With their letter system for numerals, how did the Romans write fractions? Presumably not all their measurements came out as even numbers.

Our evidence about how the Romans wrote numbers is fragmentary, and a general answer to the question of how they wrote fractions is impossible. The treatise entitled Distributio – written in AD 146 by the jurist L Volusius Maecianus for Marcus Aurelius – provides good evidence about fractions in the delimited but significant realm of money.

We know that the Romans tended to express fractions as parts of something specific: not a half or a third in abstract, but half of an as (a relatively small money denomination), a third of a certain volume unit, and so on.

Related to this is the fact that not all fractions were recognised: for instance, Maecianus tells us there is no “one-tenth of an as”, for instance, perhaps because it would not have corresponded to anything in the real world of Roman money. A part of something would have a specific name – for instance, a semis would be half an as, which in its turn was a sixteenth of a unit of currency called denarius. Names sometimes reflected the part’s mathematical relationship to another unit of measurement. Thus, semis is literally semi (half) an as.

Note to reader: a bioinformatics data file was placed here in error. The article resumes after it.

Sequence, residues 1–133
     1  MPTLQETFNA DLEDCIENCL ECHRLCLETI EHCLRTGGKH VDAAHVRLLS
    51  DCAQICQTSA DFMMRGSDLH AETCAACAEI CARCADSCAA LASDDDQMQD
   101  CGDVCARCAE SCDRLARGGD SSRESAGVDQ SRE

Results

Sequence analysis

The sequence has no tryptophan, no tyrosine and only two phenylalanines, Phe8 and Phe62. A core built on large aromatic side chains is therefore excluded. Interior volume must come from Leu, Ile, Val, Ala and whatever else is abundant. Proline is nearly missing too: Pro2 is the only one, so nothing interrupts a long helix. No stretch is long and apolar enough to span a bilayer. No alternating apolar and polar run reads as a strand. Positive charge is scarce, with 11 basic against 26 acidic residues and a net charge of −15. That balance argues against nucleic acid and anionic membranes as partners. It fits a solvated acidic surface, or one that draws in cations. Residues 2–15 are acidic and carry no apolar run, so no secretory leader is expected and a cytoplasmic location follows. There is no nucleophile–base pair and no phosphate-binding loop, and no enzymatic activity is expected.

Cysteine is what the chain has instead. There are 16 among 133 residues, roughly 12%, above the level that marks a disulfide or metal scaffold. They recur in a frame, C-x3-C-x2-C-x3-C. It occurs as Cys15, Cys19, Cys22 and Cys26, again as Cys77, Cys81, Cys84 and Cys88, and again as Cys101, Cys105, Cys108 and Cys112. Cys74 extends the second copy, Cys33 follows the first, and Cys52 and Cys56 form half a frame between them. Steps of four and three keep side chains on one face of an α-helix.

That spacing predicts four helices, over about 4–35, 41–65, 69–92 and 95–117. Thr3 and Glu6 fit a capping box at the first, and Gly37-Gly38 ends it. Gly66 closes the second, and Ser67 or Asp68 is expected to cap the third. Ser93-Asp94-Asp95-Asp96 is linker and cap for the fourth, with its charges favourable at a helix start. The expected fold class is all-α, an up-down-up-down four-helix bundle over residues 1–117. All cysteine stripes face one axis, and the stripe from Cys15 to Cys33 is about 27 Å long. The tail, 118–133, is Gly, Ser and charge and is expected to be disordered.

Finally, Maecianus tells us, all named parts were denoted by a sign, be it a letter or another symbol. Thus, a semis was written as an S, while a bes (eight-twelfths of an as) as S=. It was this letter or symbol that would then be used in the numeral system, for calculations, to write out prices, and on abaci. Given that most calculations in antiquity were not carried out in writing, but on counting boards of various types, the system of notation did not matter as much.

Was the Roman system more cumbersome than ours? Perhaps. It certainly was, at least in this instance, more concrete – Maecianus thinks that Marcus Aurelius should know about the minutiae of currency denominations, as part of being a good ruler. “Don’t leave fractions to the accountants,” is possibly as good a piece of advice now as it was then.

Answered by: Dr Serafina Cuomo, author of Ancient Mathematics (Routledge, 2001).